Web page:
I think the current system work well, in no small part because it allows for so many outcomes and scenarios.
And which of those scenarios are lost if copyright term is reduced to 25 years from registration, or 14 years on registration with an optional 14 year extension?
And remember, because this seems to get lost in the debate every time... the copyright holder doesn't lose anything at all when the copyright expires. They can continue to do business with the work however they want... they just have to compete with free. But guess what? They already do, even while the copyright is still in place. Something being in the public domain doesn't mean that you can't make money from it, you just can't do it with a monopoly any more.
As others have pointed out, 14 years today is longer than it has ever been, in terms of scope for monetising work.
Would it be fair to Matt Broenig to have to fight against people making knock off Simpsons episodes and distributing them on network TV? Would that sort of thing actually count as an advancement for the population, or would we become even more focused on a few winners to the detriment of other development?
Well, I don't know. Perhaps we can look at some cases where this has actually happened, like "The Night of the Living Dead" being in the public domain due to misfiled paperwork, and yeah, that's failed all the way to $30 million in the box office (https://en.wikipedia.org/wiki/Night_of_the_Living_Dead). Having public domain material to work off certainly didn't seem to harm the zombie movie genre, either... I would definitely say that the boom in zombie movies following the success of NotLD counts as "advancement for the population" (at least if you like zombie movies).
And reiterating the first point, NotLD made huge amounts of money (relative to its budget) despite having to compete with free, and despite the increase in competition from derivative zombie movies as well! The public domain could be said to have grown the zombie movie pie considerably - a consideration which is typically missing from all industry predictions.
"we DO KNOW the current length of time provides no value to society as copyright was intended."
How do you know? Can you show us actual proof or studies that show actual test cases, or is it all just faith based?
Now, you don't have to say it, obviously all of these researchers are poisoned on the TechDirt kool-aid. But can you show us actual proof or studies that current copyright terms are better for creators and the public than going back to shorter terms, and/or mandatory registration?
I'm not sure why they would be particularly worried about that. People (in aggregate) have shown themselves willing, any number of times, to forget about just about everything that happened more than a few weeks ago.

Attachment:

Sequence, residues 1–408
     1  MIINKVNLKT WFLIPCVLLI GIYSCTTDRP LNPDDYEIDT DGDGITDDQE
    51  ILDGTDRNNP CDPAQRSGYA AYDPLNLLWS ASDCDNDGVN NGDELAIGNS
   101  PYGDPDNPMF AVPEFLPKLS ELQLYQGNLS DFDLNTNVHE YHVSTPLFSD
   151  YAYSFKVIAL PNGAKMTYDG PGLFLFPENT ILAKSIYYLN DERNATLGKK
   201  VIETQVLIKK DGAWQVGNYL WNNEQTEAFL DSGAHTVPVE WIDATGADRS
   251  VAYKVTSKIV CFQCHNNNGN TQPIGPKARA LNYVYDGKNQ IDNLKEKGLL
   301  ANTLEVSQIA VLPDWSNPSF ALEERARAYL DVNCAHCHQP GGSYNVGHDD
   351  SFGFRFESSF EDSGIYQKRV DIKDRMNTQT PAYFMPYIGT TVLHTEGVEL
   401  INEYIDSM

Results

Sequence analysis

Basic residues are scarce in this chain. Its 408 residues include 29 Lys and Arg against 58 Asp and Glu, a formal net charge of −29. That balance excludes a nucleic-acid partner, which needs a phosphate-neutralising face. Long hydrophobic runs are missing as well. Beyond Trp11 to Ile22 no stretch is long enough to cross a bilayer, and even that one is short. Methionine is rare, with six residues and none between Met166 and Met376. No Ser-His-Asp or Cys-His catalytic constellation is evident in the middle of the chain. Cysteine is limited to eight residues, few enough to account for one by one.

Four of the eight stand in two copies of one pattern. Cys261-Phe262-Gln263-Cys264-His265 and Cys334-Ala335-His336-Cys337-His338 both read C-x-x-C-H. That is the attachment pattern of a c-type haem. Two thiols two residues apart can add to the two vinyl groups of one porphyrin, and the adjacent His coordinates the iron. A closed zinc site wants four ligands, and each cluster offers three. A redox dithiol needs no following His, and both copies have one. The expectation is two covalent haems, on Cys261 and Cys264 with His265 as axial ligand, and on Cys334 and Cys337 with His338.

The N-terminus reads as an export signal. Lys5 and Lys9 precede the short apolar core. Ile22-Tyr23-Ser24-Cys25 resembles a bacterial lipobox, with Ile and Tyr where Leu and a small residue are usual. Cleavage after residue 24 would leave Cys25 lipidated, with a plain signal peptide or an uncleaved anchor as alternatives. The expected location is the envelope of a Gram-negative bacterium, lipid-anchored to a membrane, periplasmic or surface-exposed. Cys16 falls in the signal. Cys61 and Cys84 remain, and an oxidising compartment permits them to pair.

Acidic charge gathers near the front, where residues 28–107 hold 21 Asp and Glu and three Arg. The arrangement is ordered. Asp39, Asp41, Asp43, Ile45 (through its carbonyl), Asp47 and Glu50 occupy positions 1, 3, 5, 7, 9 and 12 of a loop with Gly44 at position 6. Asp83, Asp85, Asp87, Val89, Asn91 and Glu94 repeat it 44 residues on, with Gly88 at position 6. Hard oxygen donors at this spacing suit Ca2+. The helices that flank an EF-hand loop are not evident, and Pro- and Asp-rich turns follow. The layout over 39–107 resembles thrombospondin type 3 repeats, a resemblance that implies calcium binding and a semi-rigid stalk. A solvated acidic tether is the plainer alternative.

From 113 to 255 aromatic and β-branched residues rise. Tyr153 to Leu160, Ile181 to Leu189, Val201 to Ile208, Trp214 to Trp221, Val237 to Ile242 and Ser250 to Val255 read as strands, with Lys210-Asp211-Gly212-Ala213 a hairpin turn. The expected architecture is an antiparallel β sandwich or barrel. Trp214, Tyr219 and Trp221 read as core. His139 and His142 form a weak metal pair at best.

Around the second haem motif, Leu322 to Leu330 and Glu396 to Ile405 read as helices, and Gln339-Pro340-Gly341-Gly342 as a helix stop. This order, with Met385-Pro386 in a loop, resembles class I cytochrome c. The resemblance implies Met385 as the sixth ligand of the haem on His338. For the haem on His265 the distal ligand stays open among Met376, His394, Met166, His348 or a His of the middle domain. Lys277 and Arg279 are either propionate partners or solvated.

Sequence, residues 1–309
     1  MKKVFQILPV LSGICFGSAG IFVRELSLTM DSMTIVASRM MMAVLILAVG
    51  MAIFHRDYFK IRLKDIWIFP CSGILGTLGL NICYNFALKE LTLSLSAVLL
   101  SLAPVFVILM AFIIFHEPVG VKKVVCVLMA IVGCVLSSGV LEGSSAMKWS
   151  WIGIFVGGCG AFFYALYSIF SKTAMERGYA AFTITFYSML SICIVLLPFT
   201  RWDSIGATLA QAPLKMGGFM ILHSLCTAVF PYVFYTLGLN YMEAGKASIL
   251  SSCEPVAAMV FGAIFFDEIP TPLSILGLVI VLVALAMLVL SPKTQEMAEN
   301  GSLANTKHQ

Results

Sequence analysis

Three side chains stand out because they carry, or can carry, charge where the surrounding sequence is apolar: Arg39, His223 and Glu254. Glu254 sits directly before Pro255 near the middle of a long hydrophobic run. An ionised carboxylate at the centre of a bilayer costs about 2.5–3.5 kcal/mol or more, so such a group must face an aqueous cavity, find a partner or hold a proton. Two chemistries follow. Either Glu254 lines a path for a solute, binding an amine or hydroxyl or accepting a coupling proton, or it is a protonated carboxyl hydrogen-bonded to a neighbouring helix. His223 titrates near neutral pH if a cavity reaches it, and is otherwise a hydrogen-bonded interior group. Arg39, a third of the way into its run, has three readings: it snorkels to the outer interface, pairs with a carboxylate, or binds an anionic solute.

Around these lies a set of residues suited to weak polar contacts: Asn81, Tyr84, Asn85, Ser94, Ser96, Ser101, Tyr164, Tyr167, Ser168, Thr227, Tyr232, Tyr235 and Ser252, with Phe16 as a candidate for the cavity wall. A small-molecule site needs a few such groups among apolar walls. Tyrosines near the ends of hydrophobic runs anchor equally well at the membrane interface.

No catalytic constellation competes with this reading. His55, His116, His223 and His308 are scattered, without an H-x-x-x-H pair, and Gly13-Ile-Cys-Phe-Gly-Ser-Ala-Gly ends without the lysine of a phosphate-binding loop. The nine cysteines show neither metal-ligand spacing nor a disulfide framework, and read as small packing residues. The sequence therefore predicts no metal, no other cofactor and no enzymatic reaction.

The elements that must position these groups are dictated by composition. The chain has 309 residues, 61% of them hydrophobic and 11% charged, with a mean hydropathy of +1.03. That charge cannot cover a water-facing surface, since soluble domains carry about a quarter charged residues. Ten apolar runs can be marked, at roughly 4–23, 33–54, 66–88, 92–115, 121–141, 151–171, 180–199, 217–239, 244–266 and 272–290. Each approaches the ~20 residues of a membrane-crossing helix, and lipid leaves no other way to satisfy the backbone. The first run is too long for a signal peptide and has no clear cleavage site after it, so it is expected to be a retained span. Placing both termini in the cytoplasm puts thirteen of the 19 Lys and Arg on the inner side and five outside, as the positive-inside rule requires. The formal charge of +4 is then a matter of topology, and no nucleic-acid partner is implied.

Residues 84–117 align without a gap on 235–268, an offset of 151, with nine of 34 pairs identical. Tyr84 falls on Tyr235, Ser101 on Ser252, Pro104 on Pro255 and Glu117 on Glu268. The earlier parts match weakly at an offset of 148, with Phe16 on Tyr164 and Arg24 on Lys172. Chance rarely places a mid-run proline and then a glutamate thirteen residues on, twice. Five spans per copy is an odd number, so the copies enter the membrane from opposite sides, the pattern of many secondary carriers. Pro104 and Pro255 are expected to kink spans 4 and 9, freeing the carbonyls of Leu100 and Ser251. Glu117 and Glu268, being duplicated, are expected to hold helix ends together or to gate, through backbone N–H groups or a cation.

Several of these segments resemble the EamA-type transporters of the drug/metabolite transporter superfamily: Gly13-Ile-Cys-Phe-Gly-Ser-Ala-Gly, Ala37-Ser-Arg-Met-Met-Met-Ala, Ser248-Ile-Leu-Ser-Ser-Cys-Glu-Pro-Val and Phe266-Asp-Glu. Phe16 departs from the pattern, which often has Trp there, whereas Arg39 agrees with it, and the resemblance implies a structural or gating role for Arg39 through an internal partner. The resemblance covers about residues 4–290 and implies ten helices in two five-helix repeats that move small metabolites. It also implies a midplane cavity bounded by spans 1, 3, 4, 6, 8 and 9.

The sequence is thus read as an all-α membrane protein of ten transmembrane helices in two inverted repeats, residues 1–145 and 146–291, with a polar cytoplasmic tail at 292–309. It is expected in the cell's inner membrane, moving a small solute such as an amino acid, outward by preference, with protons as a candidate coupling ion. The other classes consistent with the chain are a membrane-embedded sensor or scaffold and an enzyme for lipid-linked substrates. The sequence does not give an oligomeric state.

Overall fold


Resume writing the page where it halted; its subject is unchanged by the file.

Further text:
It won't even last that long, unfortunately. The Productivity Commission is simply a place for the government to put people with great ideas that it doesn't agree with so they can keep themselves busy releasing reports and recommendations that the government can subsequently ignore or indefinately put off addressing.
There are few burdens on those receiving notices beyond "take it down".
The entire point of these discussions is that this is a massive burden, overstepping first amendment and restrictions on prior restraint. There can be no useful discussion with you until you're willing to address the burden that DMCA takedowns results in for content creators - as opposed to copyright holders or (large) service providers, who I agree seem to have a generally cruisy time under the DMCA.
"So, if the DMCA didn't exist, I doubt we'd see any more lawsuits against users than we do now. We'd only see a lot more lawsuits against service providers."
Incorrect. Without DMCA, service providers would not accept anonymous postings, and if sued, they would quickly give up the user information and involve them in any lawsuit. "Anonymous User sourced content" would not be a valid business model, and with end users properly identified, it's very likely that infringement would drop dramatically because few would want to take the risks.
Without DMCA, wouldn't service providers still be covered by section 230?
Look at the Automatic numbers. 29% have technical errors. 10% are invalid. 61% are valid and are applied. so the fair use cases fit inside the 10% I am assuming as they didn't specifically break it out. When you get rid of the 29% technical error, the numbers for "processed" DMCAs are 85% valid, so the number of fair use cases rejected is relatively small.
The fact that only 15% of technically correct DMCA notices are obviously invalid (in the words of Automattic "clearly false or mistaken.") doesn't mean that the other 85% are correct and valid. Other sitations that aren't ennumerated that could fit into the other 85%: